Crown Mayfair Market Review – Holiday Special and 2015 OutlookDecember 20, 2014 3:36 pm
2014 has been an interesting and uncertain year on many fronts and as we approach 2015, next year’s outlook looks equally as ambiguous. There are numerous forecasts and outlooks of what the coming year might entail, yet until various events unfold, no one can succinctly say what the outcomes of the coming elections and changes in legislation will be. This is especially relevant to the field of real estate.
The past year has seen a real collision between UK politics, the world of property, in particular prime London, and a national legislative shake up. With so many possibilities and indecisions on what might happen, many outlooks seem only to reinforce the current market sentiment of sitting quietly and waiting to see what happens. However, despite the New Year’s vague prospects, there are some things we can be certain of and can accommodate for accordingly.
As put by Savills in their Residential Property Focus 2014, ‘the fundamental drivers of supply and demand in the housing market go way beyond 5 year political cycles and are rooted in long run socio-economic and demographic trends coupled with very deep rooted land supply issues.’ So despite the conflicting and concerning political rhetoric, largely concerning the possible looming mansion tax, it is relatively certain that the prime London market will one, continue to provide attractive investment opportunities and two, show signs of power shifting from sellers to buyers.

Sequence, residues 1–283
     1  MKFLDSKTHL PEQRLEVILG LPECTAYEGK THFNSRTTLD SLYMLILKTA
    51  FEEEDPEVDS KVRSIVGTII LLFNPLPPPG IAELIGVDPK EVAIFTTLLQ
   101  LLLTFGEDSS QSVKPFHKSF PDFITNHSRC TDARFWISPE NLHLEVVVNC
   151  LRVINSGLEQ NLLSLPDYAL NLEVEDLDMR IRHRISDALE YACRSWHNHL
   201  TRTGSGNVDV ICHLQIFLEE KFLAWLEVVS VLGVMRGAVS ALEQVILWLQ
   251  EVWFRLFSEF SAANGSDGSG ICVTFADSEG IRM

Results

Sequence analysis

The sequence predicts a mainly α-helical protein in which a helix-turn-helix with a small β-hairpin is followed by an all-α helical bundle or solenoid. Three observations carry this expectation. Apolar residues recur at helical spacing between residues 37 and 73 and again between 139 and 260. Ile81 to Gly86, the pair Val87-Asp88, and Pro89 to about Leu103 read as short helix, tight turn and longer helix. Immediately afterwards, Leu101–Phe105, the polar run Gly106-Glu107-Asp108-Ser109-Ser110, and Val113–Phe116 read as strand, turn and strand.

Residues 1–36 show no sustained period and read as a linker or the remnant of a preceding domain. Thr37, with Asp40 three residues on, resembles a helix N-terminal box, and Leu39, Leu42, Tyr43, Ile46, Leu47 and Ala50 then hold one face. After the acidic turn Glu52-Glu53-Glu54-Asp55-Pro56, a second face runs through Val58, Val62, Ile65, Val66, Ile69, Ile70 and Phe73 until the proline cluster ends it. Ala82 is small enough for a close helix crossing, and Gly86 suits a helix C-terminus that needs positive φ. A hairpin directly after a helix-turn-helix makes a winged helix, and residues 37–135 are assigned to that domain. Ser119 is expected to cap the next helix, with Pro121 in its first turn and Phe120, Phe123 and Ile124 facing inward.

To elaborate, there continues to be numerous ‘villages’ of value and demand for privately rented property is consistently high across the capital meaning opportunities for investors remain, given the right knowledge and professional support, regardless of politics and market sentiments. Various sources, including Savills, estimate that nearly a quarter of households in the UK will be privately rented by 2019 and with tax breaks for buy-to-let investors, it is evident that for those willing to enter the market, respectable yields can be achieved from such investments. Similarly, the inflated asking prices of the past two years are losing traction as the market quietens, also due to the time of year and in anticipation of next year’s changes, the likes of which may see prices further favour those seeking better valued property.
Since the financial crash of 2007, average London house prices have increased by nearly 30% (Jun07-Jun14). The average price of property in the capital is £460,521, in comparison with the average for England and Wales of £177,299, according to the UK Land Registry’s most recent Housing Price Index report. Comparatively, Rightmove’s trend data puts average house prices for Chelsea (SW10) at £801,465 in July ’07, growing significantly to £2,177,287 in July ’14 (+58% increase). Aside from the spring time price spike of 2012, 2014 has seen some of the highest levels of price growth. The overall increase in London was 18.4% this year, the borough of Lambeth reaching the highest levels at 28.6%. Yet current data and market trends show signs of the vast levels of growth receding, exhibiting signs that the inflated market is starting to cool.